Why are we here? Isn’t this one of the fundamental questions that have dogged humanity since the dawn of history? The answer my not be immediately obvious to the casual listener to today’s readings, but then, we’re not casual listeners, are we? However the answer is right in front of us in the Scripture readings that were chosen for us in today’s liturgy.
What were we like when we first got here? Let me explain. Craig and I were loyal fans of the TV series Big Bang Theory. The main characters were Sheldon and Leonard. Leonard’s mother, Beverly (played by Christine Baranski), was supposed to be a child psychologist, and one of the books she was supposed to have written was entitled, Needy Baby, Greedy Baby.
If you think about it, every baby — including you and me — is a “needy baby, greedy baby.” Baby humans are essentially helpless, dependent on their care-givers for everything they need to survive. Babies are incapable of distinguishing what they really need from what they want. Whether it’s food or toys, hygiene or comfort, they find a way to let you know they’re not getting what they want. That’s square one on the road to maturity.
So, how do we define “maturity”? We are trained, little by little, to accept delayed gratification. We are taught to put off our immediate wants to achieve a higher goal. We learn to accept immediate inconvenience to attain something even more valuable to us later. The hallmark of childishness is selfishness. An adult learns to defer self-gratification for the sake of intangible values.
Delayed gratification is the sign of adulthood. But, very often, even an adult’s motivation may still be acquisition — in other words, personal gain. Delayed gratification is still gratification, and we humans are very bad at distinguishing our wants from our needs. Consider the way we talk about things. When we say, “I need a new outfit,” or “I have to clean the house,” we’re lying. These aren’t needs. They are not real obligations. What we mean is, “I want to get a new outfit;” or “I want to clean the house.” In the same way, when we say, “Sorry, I can’t help you,” what we really mean is “I won’t help you.” When we say, “I have to” or “I can’t,” we’re evading our responsibility by deflecting it onto someone or something else when, in fact, nobody is making us do anything.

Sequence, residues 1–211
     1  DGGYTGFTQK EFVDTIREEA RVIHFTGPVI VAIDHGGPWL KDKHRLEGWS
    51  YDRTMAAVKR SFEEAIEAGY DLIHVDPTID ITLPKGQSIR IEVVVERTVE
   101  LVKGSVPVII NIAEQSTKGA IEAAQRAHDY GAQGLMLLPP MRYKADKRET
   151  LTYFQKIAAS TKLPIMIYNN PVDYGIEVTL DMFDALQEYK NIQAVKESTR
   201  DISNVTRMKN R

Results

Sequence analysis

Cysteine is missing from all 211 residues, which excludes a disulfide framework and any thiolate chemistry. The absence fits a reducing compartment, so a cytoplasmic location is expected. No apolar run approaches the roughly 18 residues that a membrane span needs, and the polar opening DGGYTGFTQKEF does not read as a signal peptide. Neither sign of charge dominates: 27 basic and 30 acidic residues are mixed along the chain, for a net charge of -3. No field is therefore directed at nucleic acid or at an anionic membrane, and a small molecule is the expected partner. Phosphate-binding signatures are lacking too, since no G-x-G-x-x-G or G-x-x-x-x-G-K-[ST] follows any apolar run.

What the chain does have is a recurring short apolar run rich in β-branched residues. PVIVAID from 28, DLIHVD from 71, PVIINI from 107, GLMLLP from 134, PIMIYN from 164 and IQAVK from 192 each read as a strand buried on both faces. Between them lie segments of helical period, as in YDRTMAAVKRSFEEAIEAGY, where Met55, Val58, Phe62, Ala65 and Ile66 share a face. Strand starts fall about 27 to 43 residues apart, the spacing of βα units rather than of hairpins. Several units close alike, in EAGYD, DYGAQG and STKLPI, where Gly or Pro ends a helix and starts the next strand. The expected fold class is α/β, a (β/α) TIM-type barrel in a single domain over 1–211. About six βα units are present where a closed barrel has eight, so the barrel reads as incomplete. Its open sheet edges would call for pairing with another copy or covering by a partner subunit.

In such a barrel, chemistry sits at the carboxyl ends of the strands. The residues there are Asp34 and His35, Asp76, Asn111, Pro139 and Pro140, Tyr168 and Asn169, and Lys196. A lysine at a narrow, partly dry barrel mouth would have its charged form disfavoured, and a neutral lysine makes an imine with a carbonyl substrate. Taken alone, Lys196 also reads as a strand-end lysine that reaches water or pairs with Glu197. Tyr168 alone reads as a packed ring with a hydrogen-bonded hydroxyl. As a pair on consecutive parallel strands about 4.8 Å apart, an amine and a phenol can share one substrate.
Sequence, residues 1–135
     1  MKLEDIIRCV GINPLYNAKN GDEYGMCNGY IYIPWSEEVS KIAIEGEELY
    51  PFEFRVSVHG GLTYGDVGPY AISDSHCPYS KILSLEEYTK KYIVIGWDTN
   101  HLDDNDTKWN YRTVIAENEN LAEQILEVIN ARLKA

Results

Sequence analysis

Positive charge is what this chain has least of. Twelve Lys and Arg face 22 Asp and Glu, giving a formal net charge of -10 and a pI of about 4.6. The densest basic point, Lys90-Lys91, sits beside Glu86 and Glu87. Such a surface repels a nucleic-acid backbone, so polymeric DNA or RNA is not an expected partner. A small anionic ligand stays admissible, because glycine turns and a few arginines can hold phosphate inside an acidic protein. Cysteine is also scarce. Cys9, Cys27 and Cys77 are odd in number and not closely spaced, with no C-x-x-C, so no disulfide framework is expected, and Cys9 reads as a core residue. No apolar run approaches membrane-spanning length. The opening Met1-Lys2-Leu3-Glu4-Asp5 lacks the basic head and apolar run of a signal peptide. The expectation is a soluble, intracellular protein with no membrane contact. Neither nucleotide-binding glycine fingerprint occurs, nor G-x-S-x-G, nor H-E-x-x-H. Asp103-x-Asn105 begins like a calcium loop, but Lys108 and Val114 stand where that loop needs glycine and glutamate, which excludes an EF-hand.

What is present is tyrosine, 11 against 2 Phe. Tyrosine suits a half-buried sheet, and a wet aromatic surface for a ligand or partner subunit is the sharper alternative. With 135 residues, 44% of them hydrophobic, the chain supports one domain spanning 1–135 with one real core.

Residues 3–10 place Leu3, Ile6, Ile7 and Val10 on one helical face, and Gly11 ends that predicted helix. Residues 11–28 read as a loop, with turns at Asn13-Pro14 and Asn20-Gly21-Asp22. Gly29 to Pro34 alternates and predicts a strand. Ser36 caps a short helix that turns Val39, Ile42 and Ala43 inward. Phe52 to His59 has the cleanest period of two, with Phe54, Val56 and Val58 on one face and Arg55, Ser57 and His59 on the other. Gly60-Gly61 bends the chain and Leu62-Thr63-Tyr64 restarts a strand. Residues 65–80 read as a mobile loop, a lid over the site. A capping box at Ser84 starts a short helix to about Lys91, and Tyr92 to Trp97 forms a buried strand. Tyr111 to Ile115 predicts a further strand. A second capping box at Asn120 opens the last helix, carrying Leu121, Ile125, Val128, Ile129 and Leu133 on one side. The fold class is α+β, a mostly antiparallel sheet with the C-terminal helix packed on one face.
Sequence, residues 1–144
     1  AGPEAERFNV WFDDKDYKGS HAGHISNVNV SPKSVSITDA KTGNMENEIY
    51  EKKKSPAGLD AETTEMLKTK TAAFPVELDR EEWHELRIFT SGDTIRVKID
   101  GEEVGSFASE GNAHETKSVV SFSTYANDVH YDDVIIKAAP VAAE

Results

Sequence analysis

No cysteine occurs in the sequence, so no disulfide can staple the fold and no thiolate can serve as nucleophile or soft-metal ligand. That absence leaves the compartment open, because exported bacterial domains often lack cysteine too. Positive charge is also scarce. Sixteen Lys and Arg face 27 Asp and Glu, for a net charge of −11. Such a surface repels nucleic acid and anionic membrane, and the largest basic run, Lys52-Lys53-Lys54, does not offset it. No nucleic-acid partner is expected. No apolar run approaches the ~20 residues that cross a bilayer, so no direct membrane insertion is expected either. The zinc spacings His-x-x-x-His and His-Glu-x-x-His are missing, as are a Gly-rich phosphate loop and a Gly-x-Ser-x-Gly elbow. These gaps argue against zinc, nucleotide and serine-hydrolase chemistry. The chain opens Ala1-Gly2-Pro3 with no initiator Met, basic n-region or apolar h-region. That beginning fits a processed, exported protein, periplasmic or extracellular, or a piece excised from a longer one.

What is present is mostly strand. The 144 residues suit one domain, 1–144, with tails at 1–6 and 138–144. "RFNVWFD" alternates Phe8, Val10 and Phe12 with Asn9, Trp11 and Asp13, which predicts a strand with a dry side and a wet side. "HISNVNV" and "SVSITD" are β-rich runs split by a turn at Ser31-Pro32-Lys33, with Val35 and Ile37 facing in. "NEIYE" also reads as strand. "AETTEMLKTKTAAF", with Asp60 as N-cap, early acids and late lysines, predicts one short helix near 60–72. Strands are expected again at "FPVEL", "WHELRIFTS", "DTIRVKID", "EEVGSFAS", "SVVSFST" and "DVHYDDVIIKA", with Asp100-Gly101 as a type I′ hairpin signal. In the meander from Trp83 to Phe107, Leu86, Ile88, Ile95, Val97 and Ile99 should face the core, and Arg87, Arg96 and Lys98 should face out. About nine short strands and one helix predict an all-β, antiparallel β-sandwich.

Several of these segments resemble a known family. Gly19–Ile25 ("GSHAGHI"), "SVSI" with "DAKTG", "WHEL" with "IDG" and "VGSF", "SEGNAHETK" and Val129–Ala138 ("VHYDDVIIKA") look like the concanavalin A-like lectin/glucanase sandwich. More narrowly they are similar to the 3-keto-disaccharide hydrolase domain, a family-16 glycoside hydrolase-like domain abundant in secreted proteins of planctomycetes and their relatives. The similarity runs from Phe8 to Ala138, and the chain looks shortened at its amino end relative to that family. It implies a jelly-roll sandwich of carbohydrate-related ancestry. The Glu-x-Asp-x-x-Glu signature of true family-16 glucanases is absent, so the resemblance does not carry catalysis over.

All of this pertains to what we might call the earthly plane — the realm of the flesh and its desires. If we are drawn to enter the spiritual plane, we have to transcend our self-gratification, our wants and our needs, to something higher still. That higher plane is love. How often, when people say, “I love you,” do they really mean, “I need you,” or even, “I want you?” Love that means self-gratification is not love at all. Real love is self-sacrificing for the sake of the beloved, looking for nothing in return. Love doesn’t just happen. Love is not our natural state. Our natural state is “needy baby, greedy baby.” Love must be learned and love must be practiced. Ultimately, love is a kenosis — a self-emptying, a pouring-out of oneself. That is why the cross of Christ is the ultimate sign of love and it’s what we mean when we say, “God is love.”
Now, let’s turn to today’s readings. Jonah didn’t want to be a prophet. He was afraid he’d look like a fool, so he ran away and, as the story goes, God sent a whale to swallow him and bring him back. So, reluctantly, he goes through Nineveh proclaiming it’s destruction and…sure enough, God relents and Jonah’s prophesy doesn’t come true. So, to be a prophet, Jonah had to sacrifice his reputation. He had to detach himself from the outcome of his preaching and from the selfish gratification that came with it.
Paul, in his letter to the Corinthians, is in no way suggesting that spouses, crying, rejoicing, or owning are bad. What he is recommending is not becoming attached to these things — or anything else. What we become attached to owns us. If self-gratification is our aim, then everything we own has our claw-marks on it.
In the gospel, Mark presents us with Jesus: first, calling the brothers Simon and Andrew, then the brothers James and John. Simon and Andrew leave their nets — that is, their wealth and livelihoods — behind. James and John leave their father — that is their family relationships — behind. So the common theme throughout the readings today is detachment: letting go.
Life, from birth to death, is nothing but a school for love, taking us from selfish self-gratification all the way to self-emptying. We learn, little by little, painful lesson by painful lesson, to let go. All our acquisitions in this life, from tangible goods to intangible hopes and dreams, weigh us down and limit our capacity to love fully and genuinely. “The world in its present form is passing away,” says Saint Paul. It will still be here when we’re gone — but we won’t be. True love calls us to invest in things that will endure forever.